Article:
Aug 11, 2015 - 12:00am
This article first appeared in The Age (print and online) and The Sydney Morning Herald (online) on 11 August 2015.
CEO, The Climate Institute
Australia's carcass-strewn climate policy landscape has given rise to many grisly myths and tales. Amid the carnage, politicians across the spectrum have both misjudged and exploited community concerns about climate science and policy. Yet, community attitudes are not static and the latest research concludes it would be wrong to interpret the political and communication challenges of today through the prism of past years.
Since mid-2012, there have been significant changes. On Tuesday, the Coalition party room will consider cabinet's recommendation on Australia's initial post-2020 climate commitment, which it will share with other countries ahead of negotiations in Paris in December. A final commitment will be needed after Paris.
"Almost two-thirds of Australians think the Abbott government should take climate change more seriously."
Even if you leave aside the booming business opportunities in a world investing more in renewable energy than fossil fuels, are politicians' thoughts on community attitudes up to date? A quick tour of the past decade is in order.
From 2006, a groundswell of community concern with regard to water shortages and drought joined rising business and international voices for action in what was described by John Howard as a political "perfect storm".
Kevin Rudd ratified the Kyoto protocol but played wedge politics on emissions trading in expectation of success at the 2009 Copenhagen international climate talks. Postponing emissions trading after Copenhagen's disappointments saw a collapse in his standing amid an escalating scare campaign on the costs of action. This campaign spooked Julia Gillard into an, at best, ambiguous position on carbon pricing, which was converted to a "carbon tax lie" when the ALP, independents and a Green brokered a carbon pricing mechanism in 2011.
The breaking of the drought, attacks on the science, cost-of-living scare campaigns and poor communication drove acceptance of science and action to its low point just before the carbon laws came into force in mid-2012. From then, as pollution declined while the economy grew (and as neither industries nor cities were demolished), support for action steadily returned.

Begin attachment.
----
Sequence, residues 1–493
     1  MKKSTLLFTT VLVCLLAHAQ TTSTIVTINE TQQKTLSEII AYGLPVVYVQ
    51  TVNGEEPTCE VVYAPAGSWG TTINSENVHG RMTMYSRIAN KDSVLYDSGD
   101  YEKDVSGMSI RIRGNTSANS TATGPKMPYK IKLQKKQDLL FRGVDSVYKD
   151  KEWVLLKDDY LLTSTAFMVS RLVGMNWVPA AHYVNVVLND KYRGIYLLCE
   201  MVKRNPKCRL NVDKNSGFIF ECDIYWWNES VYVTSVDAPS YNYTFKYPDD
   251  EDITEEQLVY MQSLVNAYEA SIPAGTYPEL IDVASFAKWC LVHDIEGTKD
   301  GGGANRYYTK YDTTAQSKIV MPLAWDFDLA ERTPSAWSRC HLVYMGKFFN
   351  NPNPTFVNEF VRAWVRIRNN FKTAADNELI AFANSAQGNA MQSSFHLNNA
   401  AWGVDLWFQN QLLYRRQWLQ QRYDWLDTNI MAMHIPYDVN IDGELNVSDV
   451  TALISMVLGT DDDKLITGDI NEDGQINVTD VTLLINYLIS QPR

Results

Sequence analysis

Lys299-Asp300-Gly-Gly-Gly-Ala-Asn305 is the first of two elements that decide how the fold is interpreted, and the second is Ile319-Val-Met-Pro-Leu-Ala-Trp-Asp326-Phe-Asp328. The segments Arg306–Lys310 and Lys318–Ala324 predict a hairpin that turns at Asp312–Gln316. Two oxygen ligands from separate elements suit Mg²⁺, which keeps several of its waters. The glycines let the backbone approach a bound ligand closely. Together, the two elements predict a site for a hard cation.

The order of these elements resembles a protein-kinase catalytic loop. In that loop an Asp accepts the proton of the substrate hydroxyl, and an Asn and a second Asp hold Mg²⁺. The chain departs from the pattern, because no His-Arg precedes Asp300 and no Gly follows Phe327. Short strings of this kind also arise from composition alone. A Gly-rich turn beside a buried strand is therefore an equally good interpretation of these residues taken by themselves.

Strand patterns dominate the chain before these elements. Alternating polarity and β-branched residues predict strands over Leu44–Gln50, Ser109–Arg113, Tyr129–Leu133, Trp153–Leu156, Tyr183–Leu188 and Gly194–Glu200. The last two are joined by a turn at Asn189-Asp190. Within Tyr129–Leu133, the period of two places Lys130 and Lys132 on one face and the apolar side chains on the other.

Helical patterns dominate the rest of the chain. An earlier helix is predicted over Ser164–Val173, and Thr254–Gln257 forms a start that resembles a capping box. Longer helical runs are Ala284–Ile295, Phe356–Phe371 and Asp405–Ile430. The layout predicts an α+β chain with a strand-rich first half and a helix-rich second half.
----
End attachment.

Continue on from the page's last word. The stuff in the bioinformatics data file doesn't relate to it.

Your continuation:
The latest Climate Institute Climate of the Nation 2015 research was conducted in July by Galaxy Research. It shows three key trends over recent years.
First, understanding is deepening that current climate change is at least partly driven by human causes. There is growing trust in the science and, perhaps most important, that it is happening now; 70 per cent of Australians accept climate change is happening, up six points from 2012. The proportion of those who don't think it is happening has dropped seven points to 10 per cent in that time.
Second, support for renewable energy and regulating carbon pollution – with polluters, not taxpayers, shouldering responsibility – are all concepts supported by strong majorities of two-thirds or more. The past year has seen the renewable energy target wound back and attacks on wind power. Yet, support for renewables, including wind power, is on the rise.
At the same time, support for both gas and nuclear in a preferred energy mix has slumped seven points to 21 and 13 per cent respectively. Nuclear and coal are now tied for least preferred.
Finally, almost two-thirds of Australians think the Abbott government should take climate change more seriously, rising six points to 63 per cent in the past year.
When it comes to Australia's post-2020 target, a key question is whether we should compare our actions with other countries or focus on the science. Should it be compared with the United States, European countries, China, or a "resource country like Canada"? Canada was seen as relevant by just 11 per cent; other countries received 5 per cent or less support. More than half agreed that science should be the main basis for our target.
The ALP's recent renewables goal and climate announcements appear to better reflect public sentiment, but its policy detail, and communication, will be important. Almost half of Australians think the Labor policies will "just increase electricity prices and not do much about pollution".
There's more pain to be felt across Australia's climate policy landscape before we get action that truly meets the climate challenge. Electricity prices, jobs and the costs of action and inaction will be factors in sensible debate and scare campaigns.
But parties should reflect on these trends, and on increasingly clamorous voices highlighting the costs of delayed or piecemeal action. Countries such as China are investing more in clean energy than in fossil fuels, driving down the costs of cleaner alternatives. And there is slow but steady progress towards a fresh international agreement in Paris in December.
The government's targets decision is a test on multiple fronts: not just climate responsibility and economic competitiveness, but of its ability to listen to the Australian people.
John Connor was CEO of The Climate Institute from 2007 to March 2017. Whilst qualified as a lawyer, John has spent over twenty years working in a variety of policy and advocacy roles with organisations including World Vision, Make Poverty History, the Australian Conservation Foundation and the NSW Nature Conservation Council. Since joining The Climate Institute in 2007 John has been a leading analyst and commentator on the rollercoaster that has been Australia’s domestic and international carbon policy and overseen the Institute’s additional focus on institutional investors and climate risk. John has also worked on numerous government and business advisory panels.